The not-so-silent killer.
Much like cholesterol in the Human Cardio vascular system, varnish slowly starts to build and causes often irreparable damage.
Fluids of all types can suffer from contamination, oxidisation and degradation, but when can this become a terminal problem for machinery?
The answer is simple, when vital fluids degrade and have a negative effect on the machinery they serve.
Lubricants can start to degrade in a number of ways, some of the common factors that can start the degradation process include:
What is oxidation?
Much like an apple, with its skin intact, it will last for a while before it starts to turn bad.
Heat can start the decomposition process quicker, as can contamination from other fruits, parasites and insects.
However, once the apple is cut, or bitten and its flesh is exposed to the air, you will notice
that the white flesh will start to turn brown in a short space of time.
This is a natural process called Oxidation and much like Apples, this process affect’s oil.
Oil is a natural product, and as such can be influenced by external influences.
Oxygen + Oil = Acid & Sludge
When oil molecules come into contact with oxygen under favourable conditions, they react to form acids and oil insoluble
by-products that form sludge and surface deposits such as varnish.
There are a number of factors that can promote oxidation and these include:
Sludge and Varnish can appear in different forms in different applications. The image on the right shows varnish manifesting
as a gold coloured glaze, whilst the image on the left shows not only the gold glazing, but the build up on dark coloured sludge
Effects of Oxidation
A diesel engine runs in a way of Compression Ignition, rather than Spark Ignition as seen in petrol engines. Diesel, as a fuel,
has properties more akin to lubrication oil than petrol. The diesel engine will draw air in, compress this creating extremely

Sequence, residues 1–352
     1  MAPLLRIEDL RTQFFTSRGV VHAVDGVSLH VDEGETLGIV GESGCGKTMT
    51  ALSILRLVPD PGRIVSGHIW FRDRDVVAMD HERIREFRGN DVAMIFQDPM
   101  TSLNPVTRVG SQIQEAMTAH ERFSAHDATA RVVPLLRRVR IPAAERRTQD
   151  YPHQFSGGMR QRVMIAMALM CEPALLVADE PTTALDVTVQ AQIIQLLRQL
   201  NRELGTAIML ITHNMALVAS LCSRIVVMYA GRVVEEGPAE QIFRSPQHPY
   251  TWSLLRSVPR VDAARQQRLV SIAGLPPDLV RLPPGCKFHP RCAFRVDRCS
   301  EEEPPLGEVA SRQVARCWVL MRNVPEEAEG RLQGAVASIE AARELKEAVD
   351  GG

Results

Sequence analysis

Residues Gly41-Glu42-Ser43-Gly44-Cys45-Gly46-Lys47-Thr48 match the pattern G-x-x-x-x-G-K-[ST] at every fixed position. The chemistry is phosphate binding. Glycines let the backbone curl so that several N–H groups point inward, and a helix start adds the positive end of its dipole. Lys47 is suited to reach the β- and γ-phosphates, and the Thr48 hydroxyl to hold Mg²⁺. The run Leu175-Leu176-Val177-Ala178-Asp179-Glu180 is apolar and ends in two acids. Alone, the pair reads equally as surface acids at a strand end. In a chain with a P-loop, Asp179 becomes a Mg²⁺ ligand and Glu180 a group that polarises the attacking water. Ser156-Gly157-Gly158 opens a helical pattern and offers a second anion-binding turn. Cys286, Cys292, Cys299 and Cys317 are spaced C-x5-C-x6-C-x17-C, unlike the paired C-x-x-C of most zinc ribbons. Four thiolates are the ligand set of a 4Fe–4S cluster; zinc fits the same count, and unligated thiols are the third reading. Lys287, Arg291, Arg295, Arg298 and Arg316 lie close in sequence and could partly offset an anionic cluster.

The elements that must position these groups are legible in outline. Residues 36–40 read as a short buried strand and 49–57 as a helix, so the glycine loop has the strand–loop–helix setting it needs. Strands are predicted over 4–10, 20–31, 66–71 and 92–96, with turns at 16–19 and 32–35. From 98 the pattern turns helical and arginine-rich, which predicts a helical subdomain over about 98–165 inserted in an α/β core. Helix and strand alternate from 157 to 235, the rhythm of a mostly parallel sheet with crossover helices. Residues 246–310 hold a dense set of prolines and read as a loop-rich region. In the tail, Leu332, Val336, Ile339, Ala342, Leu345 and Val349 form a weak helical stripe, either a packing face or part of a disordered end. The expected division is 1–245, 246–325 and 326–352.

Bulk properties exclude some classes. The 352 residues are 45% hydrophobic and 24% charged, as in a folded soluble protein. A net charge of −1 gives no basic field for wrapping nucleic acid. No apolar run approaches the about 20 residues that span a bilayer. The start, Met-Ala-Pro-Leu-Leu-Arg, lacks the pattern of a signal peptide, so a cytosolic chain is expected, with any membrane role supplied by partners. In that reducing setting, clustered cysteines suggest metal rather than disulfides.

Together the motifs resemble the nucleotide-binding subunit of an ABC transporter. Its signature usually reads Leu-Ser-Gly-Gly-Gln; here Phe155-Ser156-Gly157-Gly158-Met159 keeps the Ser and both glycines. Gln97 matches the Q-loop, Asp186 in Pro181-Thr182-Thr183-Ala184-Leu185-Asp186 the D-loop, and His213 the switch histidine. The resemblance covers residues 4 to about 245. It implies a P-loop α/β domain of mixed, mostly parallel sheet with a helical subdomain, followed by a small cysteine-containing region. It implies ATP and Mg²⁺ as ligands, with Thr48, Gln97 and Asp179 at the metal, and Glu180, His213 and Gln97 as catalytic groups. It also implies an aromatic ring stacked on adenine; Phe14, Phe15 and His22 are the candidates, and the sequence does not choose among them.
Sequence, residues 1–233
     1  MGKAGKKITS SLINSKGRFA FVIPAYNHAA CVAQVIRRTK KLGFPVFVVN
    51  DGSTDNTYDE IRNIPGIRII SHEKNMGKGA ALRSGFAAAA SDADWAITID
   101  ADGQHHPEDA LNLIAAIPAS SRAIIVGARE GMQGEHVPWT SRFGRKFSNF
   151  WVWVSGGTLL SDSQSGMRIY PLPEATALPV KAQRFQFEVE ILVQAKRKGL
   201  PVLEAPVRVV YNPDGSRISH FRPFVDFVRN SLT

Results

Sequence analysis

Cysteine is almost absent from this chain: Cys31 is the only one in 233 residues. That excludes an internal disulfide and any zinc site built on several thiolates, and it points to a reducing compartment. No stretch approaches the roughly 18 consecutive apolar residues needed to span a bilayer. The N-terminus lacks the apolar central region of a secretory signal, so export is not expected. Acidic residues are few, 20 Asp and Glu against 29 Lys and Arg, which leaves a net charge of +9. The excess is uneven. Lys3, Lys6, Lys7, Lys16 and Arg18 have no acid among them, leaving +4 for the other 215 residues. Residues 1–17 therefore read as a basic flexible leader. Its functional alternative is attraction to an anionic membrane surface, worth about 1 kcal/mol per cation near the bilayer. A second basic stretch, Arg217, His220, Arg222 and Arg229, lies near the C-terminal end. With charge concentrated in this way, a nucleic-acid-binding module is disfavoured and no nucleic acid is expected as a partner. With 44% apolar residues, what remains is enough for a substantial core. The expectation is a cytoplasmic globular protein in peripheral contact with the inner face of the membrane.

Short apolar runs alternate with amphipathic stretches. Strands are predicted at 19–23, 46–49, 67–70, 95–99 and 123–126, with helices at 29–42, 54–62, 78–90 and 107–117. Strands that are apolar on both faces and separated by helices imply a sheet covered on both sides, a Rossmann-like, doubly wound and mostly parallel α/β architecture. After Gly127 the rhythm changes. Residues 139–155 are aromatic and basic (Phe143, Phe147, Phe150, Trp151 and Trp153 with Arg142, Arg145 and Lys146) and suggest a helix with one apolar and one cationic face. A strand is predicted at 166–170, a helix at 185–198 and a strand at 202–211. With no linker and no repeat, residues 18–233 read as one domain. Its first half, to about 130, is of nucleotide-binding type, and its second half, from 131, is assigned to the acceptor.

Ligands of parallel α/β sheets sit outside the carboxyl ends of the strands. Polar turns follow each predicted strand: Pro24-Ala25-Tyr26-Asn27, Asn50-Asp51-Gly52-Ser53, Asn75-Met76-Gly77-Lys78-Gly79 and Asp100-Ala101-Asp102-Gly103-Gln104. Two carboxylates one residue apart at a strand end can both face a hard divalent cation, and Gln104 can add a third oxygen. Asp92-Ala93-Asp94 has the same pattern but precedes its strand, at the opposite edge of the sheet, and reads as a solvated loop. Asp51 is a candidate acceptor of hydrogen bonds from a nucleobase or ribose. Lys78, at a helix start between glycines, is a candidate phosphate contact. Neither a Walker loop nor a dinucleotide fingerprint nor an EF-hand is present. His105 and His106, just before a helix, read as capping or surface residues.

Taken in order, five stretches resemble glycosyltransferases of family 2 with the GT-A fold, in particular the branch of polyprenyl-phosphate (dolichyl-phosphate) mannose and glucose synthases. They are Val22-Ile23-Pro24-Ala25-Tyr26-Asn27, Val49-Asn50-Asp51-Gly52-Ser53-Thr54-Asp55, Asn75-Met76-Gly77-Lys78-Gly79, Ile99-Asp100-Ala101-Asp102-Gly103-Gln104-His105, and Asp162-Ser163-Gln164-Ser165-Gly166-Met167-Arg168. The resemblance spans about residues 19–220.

high temperatures before injecting the diesel fuel causing the explosion and subsequent power, before the exhaust stroke.
Micro Dieseling is a very similar process that happens within lubricant oil in high pressure situations.
In the example of a pump, the fluid entering the pump on the low pressure side will allow the air particles to be released
within the oil. These will create tiny air particles suspended within the oil. Once the oil makes its way through the pump, it is
subject to very high pressure. This compresses the oil and air suspended within it to such an extent that it causes a reaction
and tiny explosion. This subsequently causes degradation of the oil surrounding these tiny bubbles of air by extreme temperature
exposure. As the oil heats, the heat is dispersed throughout the oil content and machinery. This is evenly distributed and with the
possible use of oil coolers or other devices, maintains the temperature of the oil at a reasonably stable, yet warm, temperature.
Varnish deposits are suspended within the warm oil and move round the system.
Varnish deposition usually follows a three stage process.
Effect of Temperature & Moisture
As the oil is cooled, varnish changes state from a sticky substance to a hard lacquer type substance. At 70 degrees Celsius,
the varnish is clear and soluble. At 20 degrees Celsius, the varnish becomes hard and moves around as a solid within the oil.
The cooling process will allow the varnish to adhere to other particulate or surfaces.
Moisture also has an interesting effect on varnish. With a higher water content, entrained water will keep the varnish soluble
(if kept warm). If the water is removed by use of an oil drier or similar, this will cause the varnish to rapidly become a solid.
Some installation will see sudden rapid failure if the oil is dried with a high varnish content in the system.